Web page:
Amos has always been admired for the purity of his language, his beauty of diction, and his poetic art. In all these respects he is Isaiah's spiritual progenitor. There is no need for astonishment that a rustic should have been capable of such diction.

The period of the prophet's activity is the reign of Jeroboam II., king of Israel, whose dynasty he mentions in one of his prophecies (vii. 9), while the narrator of vii. 10, etc. (probably not identical with Amos), clearly states that Jeroboam was reigning at the time when Amos preached at Beth-el. The superscription of the book (i. 1) mentions Uzziah, king of Judah, before Jeroboam, which is doubtless correct, inasmuch as Uzziah was a contemporary of Jeroboam; but the statement is at the same time puzzling, since it is not known that Amos was ever active in Judah.

Superscription of the Book.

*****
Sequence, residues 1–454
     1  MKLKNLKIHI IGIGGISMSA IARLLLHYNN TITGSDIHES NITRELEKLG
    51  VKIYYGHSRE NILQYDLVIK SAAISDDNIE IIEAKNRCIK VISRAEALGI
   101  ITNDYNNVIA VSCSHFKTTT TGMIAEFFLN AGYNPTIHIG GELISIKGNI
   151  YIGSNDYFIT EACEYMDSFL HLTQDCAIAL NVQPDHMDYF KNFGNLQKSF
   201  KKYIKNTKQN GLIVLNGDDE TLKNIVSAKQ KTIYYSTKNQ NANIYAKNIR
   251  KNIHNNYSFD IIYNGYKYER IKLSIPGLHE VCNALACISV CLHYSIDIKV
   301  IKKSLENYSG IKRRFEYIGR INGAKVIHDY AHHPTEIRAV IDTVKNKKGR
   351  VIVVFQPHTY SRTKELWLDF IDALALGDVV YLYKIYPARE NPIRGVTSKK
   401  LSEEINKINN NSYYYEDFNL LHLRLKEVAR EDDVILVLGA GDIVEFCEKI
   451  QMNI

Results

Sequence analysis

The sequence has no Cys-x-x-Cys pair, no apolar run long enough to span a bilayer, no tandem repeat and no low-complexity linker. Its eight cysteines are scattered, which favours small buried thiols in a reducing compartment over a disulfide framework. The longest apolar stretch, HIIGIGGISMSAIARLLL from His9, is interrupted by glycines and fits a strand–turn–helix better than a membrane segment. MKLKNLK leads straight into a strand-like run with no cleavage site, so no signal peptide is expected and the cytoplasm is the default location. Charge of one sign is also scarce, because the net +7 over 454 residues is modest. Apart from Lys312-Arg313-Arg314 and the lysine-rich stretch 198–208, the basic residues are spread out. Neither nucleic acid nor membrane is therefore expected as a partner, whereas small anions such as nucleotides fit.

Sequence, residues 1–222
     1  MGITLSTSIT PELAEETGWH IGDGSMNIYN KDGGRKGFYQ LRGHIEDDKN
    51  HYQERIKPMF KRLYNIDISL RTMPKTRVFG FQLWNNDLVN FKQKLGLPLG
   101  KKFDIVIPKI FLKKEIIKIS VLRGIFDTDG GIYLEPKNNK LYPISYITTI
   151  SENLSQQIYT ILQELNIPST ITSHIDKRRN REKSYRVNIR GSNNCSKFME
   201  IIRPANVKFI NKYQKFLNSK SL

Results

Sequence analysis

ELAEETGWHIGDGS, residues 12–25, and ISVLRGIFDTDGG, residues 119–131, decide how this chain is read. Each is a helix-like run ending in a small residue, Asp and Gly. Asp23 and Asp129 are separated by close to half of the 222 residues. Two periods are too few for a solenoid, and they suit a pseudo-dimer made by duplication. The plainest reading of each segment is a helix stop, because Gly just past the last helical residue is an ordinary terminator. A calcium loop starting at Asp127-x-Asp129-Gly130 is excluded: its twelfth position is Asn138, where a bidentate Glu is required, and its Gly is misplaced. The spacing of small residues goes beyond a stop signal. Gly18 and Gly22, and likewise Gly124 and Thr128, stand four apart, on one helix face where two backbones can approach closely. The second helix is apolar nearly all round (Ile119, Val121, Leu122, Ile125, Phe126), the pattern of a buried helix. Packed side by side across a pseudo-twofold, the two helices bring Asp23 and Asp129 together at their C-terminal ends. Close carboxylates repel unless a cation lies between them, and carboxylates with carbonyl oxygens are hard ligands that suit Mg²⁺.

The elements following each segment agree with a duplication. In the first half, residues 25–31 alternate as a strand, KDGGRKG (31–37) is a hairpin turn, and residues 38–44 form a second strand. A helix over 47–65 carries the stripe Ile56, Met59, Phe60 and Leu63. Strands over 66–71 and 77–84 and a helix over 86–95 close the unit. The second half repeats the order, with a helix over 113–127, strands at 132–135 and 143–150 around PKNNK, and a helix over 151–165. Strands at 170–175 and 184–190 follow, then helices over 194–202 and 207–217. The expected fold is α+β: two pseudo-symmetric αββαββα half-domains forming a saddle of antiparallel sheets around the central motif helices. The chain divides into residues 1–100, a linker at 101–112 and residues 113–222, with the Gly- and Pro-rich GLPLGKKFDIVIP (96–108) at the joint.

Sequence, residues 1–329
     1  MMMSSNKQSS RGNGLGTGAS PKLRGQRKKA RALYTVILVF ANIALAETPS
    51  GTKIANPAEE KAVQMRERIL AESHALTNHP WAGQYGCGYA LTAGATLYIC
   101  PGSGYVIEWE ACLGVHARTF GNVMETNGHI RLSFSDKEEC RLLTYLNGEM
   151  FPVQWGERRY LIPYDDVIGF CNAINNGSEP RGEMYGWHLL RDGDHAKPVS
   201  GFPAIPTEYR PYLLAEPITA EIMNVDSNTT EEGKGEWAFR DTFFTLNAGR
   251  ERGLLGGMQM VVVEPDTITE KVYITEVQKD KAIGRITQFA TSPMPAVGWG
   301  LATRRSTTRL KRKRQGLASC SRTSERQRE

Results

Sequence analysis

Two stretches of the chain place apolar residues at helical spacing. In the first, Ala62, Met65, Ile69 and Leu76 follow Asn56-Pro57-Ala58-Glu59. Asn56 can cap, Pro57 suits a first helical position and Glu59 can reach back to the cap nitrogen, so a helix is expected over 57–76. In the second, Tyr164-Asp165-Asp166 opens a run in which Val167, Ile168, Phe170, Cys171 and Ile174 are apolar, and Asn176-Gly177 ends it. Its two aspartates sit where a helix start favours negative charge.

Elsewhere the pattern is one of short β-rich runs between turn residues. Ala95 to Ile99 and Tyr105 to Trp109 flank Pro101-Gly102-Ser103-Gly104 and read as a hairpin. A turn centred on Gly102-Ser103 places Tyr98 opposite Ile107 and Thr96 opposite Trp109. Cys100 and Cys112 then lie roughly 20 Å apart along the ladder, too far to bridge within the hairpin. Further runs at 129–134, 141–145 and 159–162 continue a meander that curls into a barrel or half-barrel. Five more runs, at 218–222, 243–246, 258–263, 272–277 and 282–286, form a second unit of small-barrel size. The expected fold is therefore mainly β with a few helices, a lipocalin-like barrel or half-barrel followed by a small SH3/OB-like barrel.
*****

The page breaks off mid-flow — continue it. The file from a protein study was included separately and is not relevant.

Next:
The superscription adds that he "saw" his words two years before the earthquake. Now Amos doubtless experienced an earthquake (iv. 11), and an earthquake under King Uzziah is testified to in Zech. xiv. 5; but unfortunately this passage does not help us much, seeing that it is of late origin, and may itself be taken from Amos, iv. 11, or even from the heading of the book. On the other hand, the superscription may be based on the hints contained in the book itself, and indeed G. Hoffmann in Stade's "Zeitschrift," iii. 123, has tried to offer an explanation for the phrase "two years before the earthquake" which would deprive the words of every real significance. His explanation seems to be somewhat artificial, but has been accepted by such scholars as Cheyne and Marti. Still, since the heading undoubtedly contains reliable and authentic statements, the possibility that the reference to the earthquake is also authentic must be admitted. The question, however, remains whether all the prophecies united in the Book of Amos are to be understood as uttered in this same year. Their extent would not make this impossible, nor is it likely that Amos, rebuking the sins of Ephraim so openly, would have been tolerated many years before being denounced and expelled, as we read in vii. 10. In this case the earthquake in iv. 11 must be another than that mentionedin i. 1, because it could not be referred to two years before it actually happened. Moreover, it is unlikely that Amos should not have added new prophecies to those spoken during his stay in the northern kingdom, when he once proceeded to write down his utterances (compare Jer. xxxvi. 32). If i. 1 be admitted as authentic, the most probable conclusion is that "two years before the earthquake" was originally the date for only a part of the book, perhaps for only the introductory speech in i. 2.